Lake, Arthur (DNB00)
LAKE, ARTHUR (1569–1626), bishop of Bath and Wells, the son of Almeric Lake, esq., and brother of Sir Thomas Lake [q. v.], was born in the parish of St. Michael's, Southampton, in September 1569. He commenced his education in the free school of his native town, whence he passed to Winchester College, of which he was admitted a scholar 28 Dec. 1581. He became a fellow of New College, Oxford, in 1589, and graduated as B.A. 4 June 1591. His subsequent degrees were M.A. 3 May 1595, B.D. and D.D. 16 May 1605. On 16 Jan. 1600–1 he was admitted a fellow of Winchester, and in 1603 became master of the hospital of St. Cross, where he increased the allowance of the poor brethren. In July 1607 he was appointed archdeacon of Surrey. The following year he was made dean of Worcester. While dean he aided his chapter in buying in a long lease of some of the cathedral lands which had been illegally made, and gave an organ to the cathedral. In 1613, though not a candidate for the office, he was unanimously elected warden of New College, where he established at his own cost lectureships in Hebrew and mathematics. He served the office of vice-chancellor in 1616, during which year he was appointed to succeed Bishop Montague, whom he had previously succeeded in the deanery of Worcester, as bishop of Bath and Wells. He was consecrated at Lambeth 8 Dec. 1616. ‘His promotion,’ Fuller says, ‘was due, not so much to the power of his brother, the Secretary of State, as to his own desert as one whose piety might be justly regarded exemplary to all of his order’ (Church History, vi. 38); ‘making,’ in Walton's words, ‘the great trust committed to him the chief care and great business of his life’ (Life of Sanderson). Lake as bishop was magnificently liberal. He was diligent in preaching both in his own cathedral and in the adjacent parishes. Before conferring holy orders he examined the candidates personally, and after ordination his care of his clergy and of their families was tender and paternal. Though his triennial visitations were carried out strictly, and convicted offenders never escaped canonical punishment, yet he was always welcome. At the confirmations, which, according to the custom of the age, took place contemporaneously with his visitations, the rite was never administered ‘in a tumultuary manner, and, as we say, “hand over head,”’ but only to those ‘of whose fitness he was certified.’ He was firm in maintaining ecclesiastical discipline, sitting in person with his chancellor in his consistorial court, and refusing to allow penance to be commuted for a pecuniary fine. He commonly saw the penance duly performed, and usually preached ‘a sermon of mortification and repentance,’ after which he would invite the offenders to dine with him in his palace, and dismiss them with his blessing and exhortation to amendment. His character is thus summed up by his biographer: ‘To his city he was an oracle, to scholars a living library, to the whole church a priest whose lips did preserve knowledge.’ At the coronation of Charles I he was selected, with Bishop Neile, to walk by the side of the king beneath the canopy of state. He held the college living of Stanton St. John, Oxfordshire, in commendam with his bishopric till his death. He died 4 May 1626, at the age of fifty-six, having made his confession to Bishop Andrewes a few hours before he breathed his last. He was buried in the south choir aisle of his own cathedral, a small brass plate marking his grave. There are portraits in the bishop's palace at Wells and at New College, Oxford. An engraving by J. Payne was copied by Hollar in 1640.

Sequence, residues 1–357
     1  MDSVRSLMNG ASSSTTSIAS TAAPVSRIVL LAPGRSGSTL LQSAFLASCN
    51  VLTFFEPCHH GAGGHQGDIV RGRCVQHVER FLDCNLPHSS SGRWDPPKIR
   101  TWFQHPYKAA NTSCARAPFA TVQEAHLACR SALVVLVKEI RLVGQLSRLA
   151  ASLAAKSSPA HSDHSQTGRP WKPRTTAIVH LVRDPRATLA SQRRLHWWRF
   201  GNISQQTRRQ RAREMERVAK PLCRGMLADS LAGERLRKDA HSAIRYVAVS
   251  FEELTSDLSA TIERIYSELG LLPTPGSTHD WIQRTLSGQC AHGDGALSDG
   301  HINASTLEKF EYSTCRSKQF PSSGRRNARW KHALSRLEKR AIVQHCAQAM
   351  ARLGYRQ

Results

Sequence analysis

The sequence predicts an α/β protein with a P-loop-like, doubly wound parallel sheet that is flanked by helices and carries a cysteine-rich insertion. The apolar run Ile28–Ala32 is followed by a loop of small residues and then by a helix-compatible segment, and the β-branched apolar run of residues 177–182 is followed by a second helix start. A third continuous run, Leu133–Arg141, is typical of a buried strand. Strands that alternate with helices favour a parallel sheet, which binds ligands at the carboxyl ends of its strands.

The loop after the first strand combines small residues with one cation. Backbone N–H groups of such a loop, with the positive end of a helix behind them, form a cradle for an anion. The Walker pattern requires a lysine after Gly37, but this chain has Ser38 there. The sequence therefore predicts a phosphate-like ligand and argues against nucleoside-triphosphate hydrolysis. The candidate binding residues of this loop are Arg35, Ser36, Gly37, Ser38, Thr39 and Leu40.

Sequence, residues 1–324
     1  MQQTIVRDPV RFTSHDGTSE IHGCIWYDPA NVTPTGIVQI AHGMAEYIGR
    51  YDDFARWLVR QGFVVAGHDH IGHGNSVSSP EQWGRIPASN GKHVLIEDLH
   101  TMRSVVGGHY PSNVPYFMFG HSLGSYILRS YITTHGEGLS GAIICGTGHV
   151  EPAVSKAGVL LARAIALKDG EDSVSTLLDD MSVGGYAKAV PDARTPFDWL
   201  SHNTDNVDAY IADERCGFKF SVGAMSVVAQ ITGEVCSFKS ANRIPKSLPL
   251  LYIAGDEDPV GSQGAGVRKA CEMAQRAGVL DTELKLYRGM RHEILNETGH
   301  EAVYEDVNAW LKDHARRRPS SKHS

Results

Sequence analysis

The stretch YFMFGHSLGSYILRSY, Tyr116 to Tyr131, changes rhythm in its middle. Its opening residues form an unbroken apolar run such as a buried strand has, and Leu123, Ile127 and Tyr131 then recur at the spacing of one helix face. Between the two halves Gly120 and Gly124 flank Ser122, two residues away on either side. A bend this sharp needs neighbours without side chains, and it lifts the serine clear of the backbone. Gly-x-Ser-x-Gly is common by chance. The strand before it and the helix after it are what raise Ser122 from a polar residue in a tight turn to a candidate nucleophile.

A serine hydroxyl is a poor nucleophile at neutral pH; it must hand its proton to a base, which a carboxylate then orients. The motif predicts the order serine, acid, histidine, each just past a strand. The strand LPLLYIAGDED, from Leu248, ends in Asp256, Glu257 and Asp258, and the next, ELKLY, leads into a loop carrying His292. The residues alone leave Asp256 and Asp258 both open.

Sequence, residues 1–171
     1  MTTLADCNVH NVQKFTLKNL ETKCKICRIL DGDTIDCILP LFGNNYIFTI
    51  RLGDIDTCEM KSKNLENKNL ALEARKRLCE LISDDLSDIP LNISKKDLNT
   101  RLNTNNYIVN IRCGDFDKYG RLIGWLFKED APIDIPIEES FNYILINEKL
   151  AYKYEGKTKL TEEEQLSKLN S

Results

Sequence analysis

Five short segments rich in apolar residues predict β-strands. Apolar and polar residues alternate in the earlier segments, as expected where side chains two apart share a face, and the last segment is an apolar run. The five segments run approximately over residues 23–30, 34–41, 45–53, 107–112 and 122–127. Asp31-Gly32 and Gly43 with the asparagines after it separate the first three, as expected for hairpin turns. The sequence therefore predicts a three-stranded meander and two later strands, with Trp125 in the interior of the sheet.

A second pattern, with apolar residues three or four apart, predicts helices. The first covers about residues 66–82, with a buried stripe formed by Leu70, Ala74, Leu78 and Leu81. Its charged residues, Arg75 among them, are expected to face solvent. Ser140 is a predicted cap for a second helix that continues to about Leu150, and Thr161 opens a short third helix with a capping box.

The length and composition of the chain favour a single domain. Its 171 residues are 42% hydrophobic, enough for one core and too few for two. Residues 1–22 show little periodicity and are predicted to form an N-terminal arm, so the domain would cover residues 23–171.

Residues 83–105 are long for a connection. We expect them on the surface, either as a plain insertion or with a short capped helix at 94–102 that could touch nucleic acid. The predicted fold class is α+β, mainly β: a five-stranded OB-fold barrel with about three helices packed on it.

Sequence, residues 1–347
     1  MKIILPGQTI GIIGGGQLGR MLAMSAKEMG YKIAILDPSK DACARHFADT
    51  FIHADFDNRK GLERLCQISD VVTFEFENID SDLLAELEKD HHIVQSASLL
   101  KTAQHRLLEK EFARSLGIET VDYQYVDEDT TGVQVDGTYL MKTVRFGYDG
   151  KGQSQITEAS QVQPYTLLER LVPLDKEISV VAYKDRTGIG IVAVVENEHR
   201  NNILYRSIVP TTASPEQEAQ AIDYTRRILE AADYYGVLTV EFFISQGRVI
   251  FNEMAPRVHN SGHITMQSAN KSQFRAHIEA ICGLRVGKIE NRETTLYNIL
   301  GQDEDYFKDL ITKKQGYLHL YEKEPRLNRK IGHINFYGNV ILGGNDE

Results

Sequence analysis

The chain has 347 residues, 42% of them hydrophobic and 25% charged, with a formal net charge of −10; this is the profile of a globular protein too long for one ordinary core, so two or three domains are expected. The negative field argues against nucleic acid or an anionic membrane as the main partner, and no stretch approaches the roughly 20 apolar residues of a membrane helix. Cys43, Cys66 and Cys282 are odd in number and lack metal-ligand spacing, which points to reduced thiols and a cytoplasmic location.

He appears to have published nothing himself, but after his death a folio volume, entitled. ‘Sermons with some Religious and Divine Meditations,’ with a life by the Rev. John Harris, D.D., was issued, London, 1629. The sermons include several preached at public penances. In 1640 were published his ‘Ten Sermons preached at Paul's Cross, &c.,’ and in 1641 his ‘Theses de Sabbato.’
[Harris's Life prefixed to his Sermons; Fuller's Church Hist. vi. 27, 38, Worthies, i. 406; Wood's Athenæ, i. 750, ii. 398, 869, Fasti, i. 192, 254, 270, 280, 306, 307, 365, ii. 67; Walton's Life of Sanderson; Lansd. MS. 984, f. 145; Cassan's Bishops of Bath and Wells, ii. 27 sq.]